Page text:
by Dr. Brian S. Seaman, DC, FRCCSS(C), FICC

Because I said so - well - it worked when we were kids, didn't it?

There is no doubt that exercise is good for all of us - walking, running, swimming, and resistance training (ie. exercise tubing and hand weights) just to name a few.

These activities benefit our heart, lungs, muscles, circulation and even our bone density.

Walking is good too.

Yes, walking is probably one of the best activities you can do with multiple benefits:

  • Strengthens your legs and hip muscles.
  • Improves how your heart pumps and your lungs function.
  • Enhances your bone density - in other words helps to prevent osteoporosis.

And what else?

Check with your health care professional and ask for recommendations, or a program of exercises for your upper body. This will enhance your strength and muscle tone as well as increase the bone density of your arms. Not only are hip fractures of concern as we get older, but broken wrists are as well. (When your health care professional refers to a "broken" bone this is the same as a "fracture").

But I have arthritic knees…

This is a common concern voiced by patients in the clinic - but there is a solution. Check out your local swimming pool.

  • Go for a swim - it is a good 'cardio' exercise and is easy on your knees and hips.
  • Join a water aerobics exercise class. Many of these classes are in the deep end of the pool - but not to worry - you will wear a water belt so you will float upright. It allows resistance type exercises of both your lower and upper body but also will help with your heart and lungs.
  • Run in the water - you can wear a floatation belt and pretend to run in the deep end of your local pool. This technique is often used to rehabilitate a runner who has sustained a stress fracture in the foot or lower leg from running too many miles. Alternatively, you could 'run' in the shallow end of the pool - easy on the joints but still a good workout for your heart, lungs and leg muscles.

Are there other options?

Tai Chi, yoga, elderobics, and stretch and tone classes are all examples.

It is most important that you pick an activity or exercise that you enjoy so that you will do it on a consistent basis. To illustrate this, it is generally felt that only 20% of patients continue with prescribed exercises beyond a six month time frame.

So how much is enough?

Generally, 30 minutes of exercise on a daily basis is considered the benchmark for physical activity.  Regular exercise helps your heart and lungs, bone density (preventing osteoporosis) and help you manage conditions such as high blood pressure and diabetes. But a recent study published in the medical journal Lancet (August 2011), indicates that people can still benefit with even just 15 minutes of exercise each day.  That is less that 2 hours a week that you should invest in your health. For ideas check out www.fitin15.ca  This is a website which I helped design for the Canadian Chiropractic Association.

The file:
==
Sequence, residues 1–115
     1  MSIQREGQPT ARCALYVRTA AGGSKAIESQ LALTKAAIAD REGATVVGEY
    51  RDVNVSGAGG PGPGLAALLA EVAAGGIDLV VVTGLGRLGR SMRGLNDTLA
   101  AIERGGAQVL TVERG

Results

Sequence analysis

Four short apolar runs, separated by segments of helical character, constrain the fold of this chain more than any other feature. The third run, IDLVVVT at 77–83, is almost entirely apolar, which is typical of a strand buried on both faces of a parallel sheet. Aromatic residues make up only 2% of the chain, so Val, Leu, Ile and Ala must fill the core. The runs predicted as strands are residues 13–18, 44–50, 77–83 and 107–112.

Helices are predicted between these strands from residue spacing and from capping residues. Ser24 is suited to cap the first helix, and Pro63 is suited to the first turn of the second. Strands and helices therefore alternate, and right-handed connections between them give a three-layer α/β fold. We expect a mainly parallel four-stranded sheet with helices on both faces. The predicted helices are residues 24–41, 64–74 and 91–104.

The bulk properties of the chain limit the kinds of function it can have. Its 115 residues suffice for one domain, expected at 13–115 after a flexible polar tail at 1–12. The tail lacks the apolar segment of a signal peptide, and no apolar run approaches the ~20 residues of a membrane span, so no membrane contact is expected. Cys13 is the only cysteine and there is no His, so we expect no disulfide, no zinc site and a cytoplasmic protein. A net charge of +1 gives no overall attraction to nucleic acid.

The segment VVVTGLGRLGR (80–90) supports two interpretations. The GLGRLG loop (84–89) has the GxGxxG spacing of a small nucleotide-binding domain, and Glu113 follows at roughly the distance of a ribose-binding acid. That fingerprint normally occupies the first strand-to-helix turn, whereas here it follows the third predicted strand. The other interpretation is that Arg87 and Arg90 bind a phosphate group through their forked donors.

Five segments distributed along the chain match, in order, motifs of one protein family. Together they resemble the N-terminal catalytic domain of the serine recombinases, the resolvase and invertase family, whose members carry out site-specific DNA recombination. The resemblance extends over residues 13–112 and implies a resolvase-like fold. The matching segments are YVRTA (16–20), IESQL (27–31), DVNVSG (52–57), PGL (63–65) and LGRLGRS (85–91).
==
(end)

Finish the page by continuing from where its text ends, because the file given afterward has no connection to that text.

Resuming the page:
Another rule of thumb I use with my patients is that their focus should be on completing one month of their new exercise program---that is the hardest part.  After one month I find that most patients are getting in the habit of doing their exercises on a regular basis.

So what is the 30-60-90 rule?

These are the amounts of cumulative physical activity that you should strive for on a daily basis.  The old ‘adage’ of 30 minutes of sustained physical activity, three times a week, is no longer the benchmark that it once was.

If you are a person with a body weight that is considered normal, you need 30 minutes each and every day of cumulative activity.

However, if you wish to control your weight (which most people list as one of their health goals) you need 60 minutes of cumulative physical activity on a daily basis.

However if you want to lose a few pounds, and then sustain your new body weight, then you need 90 minutes in total, each and every day.

Of course, it is also important to look carefully at your diet and ensure that all your basic nutritional needs are being met.  If you have any questions in this regard, consult with a local dietician or a nutritionist.

Caveat (Caution)!

These guidelines are just that - guidelines. Everyone is different and each person has their own unique set of health issues and physical attributes that can create challenges. So always check with your health care professional to see what is an appropriate type of physical activity or exercise program for you. That way you can establish a set of your own personal exercise or fitness guidelines.

Just remember - the first step, rep or stretch is always the hardest!

Reprinted with permission of
The Seniors' Advocate. P.O. Box 5005, Waverly, Nova Scotia, B2R 1S2

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